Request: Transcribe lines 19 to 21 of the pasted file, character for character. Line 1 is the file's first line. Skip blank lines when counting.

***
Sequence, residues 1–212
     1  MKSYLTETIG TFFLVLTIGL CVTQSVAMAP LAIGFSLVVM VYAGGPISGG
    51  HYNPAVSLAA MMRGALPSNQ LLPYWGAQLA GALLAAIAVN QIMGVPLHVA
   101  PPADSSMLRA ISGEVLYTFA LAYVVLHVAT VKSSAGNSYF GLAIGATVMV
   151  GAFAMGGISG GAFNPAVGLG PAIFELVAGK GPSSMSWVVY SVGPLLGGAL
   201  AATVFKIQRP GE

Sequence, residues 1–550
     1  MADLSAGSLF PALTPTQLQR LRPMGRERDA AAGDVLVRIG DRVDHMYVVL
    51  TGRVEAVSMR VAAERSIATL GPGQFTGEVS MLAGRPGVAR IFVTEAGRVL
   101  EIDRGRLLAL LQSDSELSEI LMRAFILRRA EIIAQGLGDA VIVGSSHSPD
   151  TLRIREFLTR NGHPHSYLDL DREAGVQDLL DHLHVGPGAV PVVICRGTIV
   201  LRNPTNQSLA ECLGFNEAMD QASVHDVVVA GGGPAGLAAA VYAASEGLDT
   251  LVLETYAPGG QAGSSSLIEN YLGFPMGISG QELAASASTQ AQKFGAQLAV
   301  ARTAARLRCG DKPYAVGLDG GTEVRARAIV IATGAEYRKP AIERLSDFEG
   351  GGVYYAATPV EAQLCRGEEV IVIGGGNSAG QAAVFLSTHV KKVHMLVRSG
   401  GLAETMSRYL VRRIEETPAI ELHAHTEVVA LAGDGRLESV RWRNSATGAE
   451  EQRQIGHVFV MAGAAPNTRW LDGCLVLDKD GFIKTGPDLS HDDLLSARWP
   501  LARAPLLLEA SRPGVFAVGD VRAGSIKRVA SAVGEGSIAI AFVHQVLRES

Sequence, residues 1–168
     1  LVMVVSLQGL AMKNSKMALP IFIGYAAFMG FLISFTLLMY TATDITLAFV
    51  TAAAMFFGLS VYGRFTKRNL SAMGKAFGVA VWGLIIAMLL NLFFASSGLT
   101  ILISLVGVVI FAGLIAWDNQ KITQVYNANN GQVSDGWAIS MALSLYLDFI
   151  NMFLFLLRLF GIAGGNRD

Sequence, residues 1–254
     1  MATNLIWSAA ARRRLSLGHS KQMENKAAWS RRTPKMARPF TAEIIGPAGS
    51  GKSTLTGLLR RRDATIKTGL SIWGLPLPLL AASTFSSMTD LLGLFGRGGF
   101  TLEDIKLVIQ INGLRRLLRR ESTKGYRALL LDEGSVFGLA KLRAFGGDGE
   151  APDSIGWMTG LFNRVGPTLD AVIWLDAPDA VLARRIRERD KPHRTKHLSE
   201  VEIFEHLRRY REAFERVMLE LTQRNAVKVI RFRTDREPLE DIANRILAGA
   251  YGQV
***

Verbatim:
Sequence, residues 1–168
     1  LVMVVSLQGL AMKNSKMALP IFIGYAAFMG FLISFTLLMY TATDITLAFV
    51  TAAAMFFGLS VYGRFTKRNL SAMGKAFGVA VWGLIIAMLL NLFFASSGLT